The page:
What is the value of “Work”?

Having a lively and lovely discussion in my twitter timeline this morning of the social value of the things we do that aren’t “work” in the generally valued sense.

It’s worth repeating here an extract of one of my earlier blogs:

“There is, of course, some morality to be found in working. The quality of industriousness is recognised in moral codes in many cultures and times. I differentiate ‘industriousness’ from ‘engagement in paid work’. There is nothing moral about being engaged in paid work which destroys our environment, which builds weapons to help tyrannical regimes oppress their people or which demeans and exploits women to fulfil the sexual fantasies of strangers. There is much that is moral in mothering a child, caring for an incapacitated parent or partner, writing a letter to bring comfort to a prisoner, marching to stop a war, running six marathons in six days to save a health service, badgering the Government through FOI requests to stop the progress of a bill that will bring suffering to those who are sick or have disabilities.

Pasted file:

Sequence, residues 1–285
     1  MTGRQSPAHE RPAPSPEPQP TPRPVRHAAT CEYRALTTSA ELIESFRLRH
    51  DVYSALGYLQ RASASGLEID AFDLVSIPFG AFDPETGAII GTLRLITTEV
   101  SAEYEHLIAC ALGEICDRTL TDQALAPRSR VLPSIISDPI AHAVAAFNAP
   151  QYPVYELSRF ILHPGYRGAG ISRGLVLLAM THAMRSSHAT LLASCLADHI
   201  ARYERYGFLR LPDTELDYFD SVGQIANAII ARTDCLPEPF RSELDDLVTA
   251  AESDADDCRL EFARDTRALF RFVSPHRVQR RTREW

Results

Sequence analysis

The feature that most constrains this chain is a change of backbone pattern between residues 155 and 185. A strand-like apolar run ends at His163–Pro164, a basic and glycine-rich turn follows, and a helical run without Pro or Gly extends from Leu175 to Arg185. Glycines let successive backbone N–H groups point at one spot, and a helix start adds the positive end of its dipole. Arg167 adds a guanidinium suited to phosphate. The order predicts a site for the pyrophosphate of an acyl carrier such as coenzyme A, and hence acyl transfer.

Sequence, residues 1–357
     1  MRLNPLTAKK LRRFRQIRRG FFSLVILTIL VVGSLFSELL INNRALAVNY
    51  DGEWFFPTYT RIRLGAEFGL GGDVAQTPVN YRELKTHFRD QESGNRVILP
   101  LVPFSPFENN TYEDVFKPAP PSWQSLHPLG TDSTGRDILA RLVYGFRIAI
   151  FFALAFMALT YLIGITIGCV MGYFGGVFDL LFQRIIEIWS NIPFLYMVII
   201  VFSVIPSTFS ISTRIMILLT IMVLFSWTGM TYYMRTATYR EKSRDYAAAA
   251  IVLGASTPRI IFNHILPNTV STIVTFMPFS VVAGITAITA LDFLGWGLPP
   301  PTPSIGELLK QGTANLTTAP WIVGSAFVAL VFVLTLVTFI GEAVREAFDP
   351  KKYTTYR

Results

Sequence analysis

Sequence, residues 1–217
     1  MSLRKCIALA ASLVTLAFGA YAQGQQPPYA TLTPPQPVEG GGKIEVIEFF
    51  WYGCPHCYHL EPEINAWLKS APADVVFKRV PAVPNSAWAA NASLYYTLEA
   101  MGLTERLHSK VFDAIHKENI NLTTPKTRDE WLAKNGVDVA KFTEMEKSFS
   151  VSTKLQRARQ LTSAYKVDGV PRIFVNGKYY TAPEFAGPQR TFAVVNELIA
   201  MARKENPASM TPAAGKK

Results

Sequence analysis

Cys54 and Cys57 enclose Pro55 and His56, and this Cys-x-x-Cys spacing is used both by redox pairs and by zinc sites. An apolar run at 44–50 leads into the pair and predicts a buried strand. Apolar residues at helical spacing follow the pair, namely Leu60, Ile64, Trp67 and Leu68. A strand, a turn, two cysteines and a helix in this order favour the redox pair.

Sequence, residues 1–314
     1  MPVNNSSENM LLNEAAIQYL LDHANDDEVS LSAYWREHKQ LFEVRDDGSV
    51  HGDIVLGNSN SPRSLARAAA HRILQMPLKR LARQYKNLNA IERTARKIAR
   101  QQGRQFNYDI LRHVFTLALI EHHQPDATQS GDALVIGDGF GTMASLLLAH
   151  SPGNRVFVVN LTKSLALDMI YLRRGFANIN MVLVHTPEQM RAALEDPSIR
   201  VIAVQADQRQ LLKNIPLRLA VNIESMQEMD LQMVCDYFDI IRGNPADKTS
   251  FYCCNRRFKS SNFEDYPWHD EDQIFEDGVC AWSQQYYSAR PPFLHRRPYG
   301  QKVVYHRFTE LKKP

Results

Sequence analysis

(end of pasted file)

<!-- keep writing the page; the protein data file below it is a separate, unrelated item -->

If we find moral value in industriousness, we may find it in children, whose ‘work’ is to learn and grow, in the sick whose ‘work’ is to get well, and in the elderly whose ‘work’ is to pass on their wisdom and experience to those who follow them.

But the empty-souled Tories no longer even seem to see moral worth in work. They see it only in material success. And the ownership of things.”

This was taken from my blog about David Cameron’s “Moral Capitalism” speech in January of this year.

Full blog is here: http://itsmotherswork.posterous.com/the-immoral-capitalism-speech

…and includes a link to the full text of his speech.

Another world is possible.

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